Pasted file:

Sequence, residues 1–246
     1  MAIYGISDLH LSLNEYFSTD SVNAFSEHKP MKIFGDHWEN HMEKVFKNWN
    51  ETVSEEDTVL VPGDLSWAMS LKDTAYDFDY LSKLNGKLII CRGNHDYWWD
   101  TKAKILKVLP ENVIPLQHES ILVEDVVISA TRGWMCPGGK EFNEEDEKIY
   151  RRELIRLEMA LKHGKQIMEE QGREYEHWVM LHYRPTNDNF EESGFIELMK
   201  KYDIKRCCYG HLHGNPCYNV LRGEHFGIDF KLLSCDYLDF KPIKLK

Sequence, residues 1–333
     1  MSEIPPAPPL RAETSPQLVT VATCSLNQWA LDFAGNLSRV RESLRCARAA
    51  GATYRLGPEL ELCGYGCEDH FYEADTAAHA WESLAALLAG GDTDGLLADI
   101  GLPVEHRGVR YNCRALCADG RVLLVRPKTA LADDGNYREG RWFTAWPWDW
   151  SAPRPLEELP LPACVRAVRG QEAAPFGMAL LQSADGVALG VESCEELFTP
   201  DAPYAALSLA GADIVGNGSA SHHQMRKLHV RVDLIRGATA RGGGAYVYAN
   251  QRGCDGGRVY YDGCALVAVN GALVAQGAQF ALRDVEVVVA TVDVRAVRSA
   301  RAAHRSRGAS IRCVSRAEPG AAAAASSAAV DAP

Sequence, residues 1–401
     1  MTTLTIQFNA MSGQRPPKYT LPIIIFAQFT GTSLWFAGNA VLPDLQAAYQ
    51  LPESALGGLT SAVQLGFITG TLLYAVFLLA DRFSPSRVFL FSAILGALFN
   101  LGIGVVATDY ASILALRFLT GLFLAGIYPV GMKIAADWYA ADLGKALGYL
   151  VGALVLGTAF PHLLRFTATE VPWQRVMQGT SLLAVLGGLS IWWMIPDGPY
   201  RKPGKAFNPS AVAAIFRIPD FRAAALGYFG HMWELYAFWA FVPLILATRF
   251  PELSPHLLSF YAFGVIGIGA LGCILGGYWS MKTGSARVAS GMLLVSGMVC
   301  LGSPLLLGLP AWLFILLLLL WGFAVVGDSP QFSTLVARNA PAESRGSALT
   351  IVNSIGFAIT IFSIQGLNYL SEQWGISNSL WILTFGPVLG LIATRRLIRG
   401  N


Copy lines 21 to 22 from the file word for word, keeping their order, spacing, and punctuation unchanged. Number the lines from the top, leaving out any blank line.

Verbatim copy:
   251  PELSPHLLSF YAFGVIGIGA LGCILGGYWS MKTGSARVAS GMLLVSGMVC
   301  LGSPLLLGLP AWLFILLLLL WGFAVVGDSP QFSTLVARNA PAESRGSALT